A senior at Walt Whitman High School in Bethesda, Maryland, Finn is proud to have a dad who helps with her schoolwork. She emulates his ability to overcome physical and physiological challenges to help others. She has started a nonprofit to give voice to teenagers before they can vote and she has proven to be a leader as part of her cheerleading squad.

As an intern in the Laboratory of Metabolic Control at the National Institutes of Health she has learned about biology, ketogenic and food-based technology. She is assisting with university-level research which involves the development of therapeutic ketones as part of special diets that can treat symptoms of epilepsy and Parkinson’s disease in low-income populations around the world.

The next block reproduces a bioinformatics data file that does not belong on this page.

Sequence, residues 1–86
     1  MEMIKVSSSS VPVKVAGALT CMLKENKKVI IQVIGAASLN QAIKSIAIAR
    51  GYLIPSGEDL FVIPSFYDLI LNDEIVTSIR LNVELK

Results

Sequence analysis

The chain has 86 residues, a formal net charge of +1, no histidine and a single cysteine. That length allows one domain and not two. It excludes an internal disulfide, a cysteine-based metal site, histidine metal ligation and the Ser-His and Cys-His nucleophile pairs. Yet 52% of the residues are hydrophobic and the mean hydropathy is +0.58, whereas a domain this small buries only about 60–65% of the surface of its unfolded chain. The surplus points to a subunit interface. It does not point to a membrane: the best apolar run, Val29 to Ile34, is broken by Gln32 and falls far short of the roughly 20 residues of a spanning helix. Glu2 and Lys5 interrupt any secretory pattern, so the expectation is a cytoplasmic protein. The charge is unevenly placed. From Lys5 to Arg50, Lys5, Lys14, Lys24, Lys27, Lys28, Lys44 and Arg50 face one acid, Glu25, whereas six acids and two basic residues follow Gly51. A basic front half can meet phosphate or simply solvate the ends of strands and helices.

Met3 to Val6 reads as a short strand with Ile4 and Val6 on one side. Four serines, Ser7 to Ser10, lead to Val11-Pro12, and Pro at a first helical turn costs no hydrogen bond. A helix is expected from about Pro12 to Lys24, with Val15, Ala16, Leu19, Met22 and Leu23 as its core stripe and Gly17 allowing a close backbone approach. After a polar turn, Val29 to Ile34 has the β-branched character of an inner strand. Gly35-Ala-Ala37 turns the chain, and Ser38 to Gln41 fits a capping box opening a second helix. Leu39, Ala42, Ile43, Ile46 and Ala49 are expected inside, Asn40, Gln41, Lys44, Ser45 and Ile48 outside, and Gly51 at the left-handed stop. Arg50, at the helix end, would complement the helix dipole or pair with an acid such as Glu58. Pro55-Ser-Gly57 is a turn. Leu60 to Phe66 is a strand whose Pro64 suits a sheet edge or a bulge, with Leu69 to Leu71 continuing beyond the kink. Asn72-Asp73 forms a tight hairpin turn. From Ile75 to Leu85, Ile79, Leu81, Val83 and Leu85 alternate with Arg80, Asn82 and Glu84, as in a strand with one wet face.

Finn has traveled to 30 countries and her love of learning about different cultures and seeing new places has made her consider how she can improve public health around the world. She hopes to continue studying biology, clinical laboratory science or forensic science.

Favorite quote: “Your time is limited, so don’t waste it living someone else’s life. Don’t let the noise of others’ opinions drown out your own inner voice. And most important, have the courage to follow your heart and intuition.” – Steve Jobs

Service/Leadership Highlights:

  • Vietnam Veterans of America (VVA) volunteer
  • American Legion Auxiliary (ALA)volunteer/Girls State
  • Washington Hebrew Congregation Youth Group Leader (WHECTY)
  • Team River Runner Adaptive Kayaking for Wounded Warriors
  • National Institutes of Health (NIH)Intern
  • Walt Whitman Cheerleading and Stunt Team
  • Olympiada of Spoken Russian Medalist
  • Rye Beach Swim and Dive Team Captain

Join us on our social channels below for more ways for you to join in the celebration. We also encourage you to submit messages of congratulations to our recipients.

Facebook
Twitter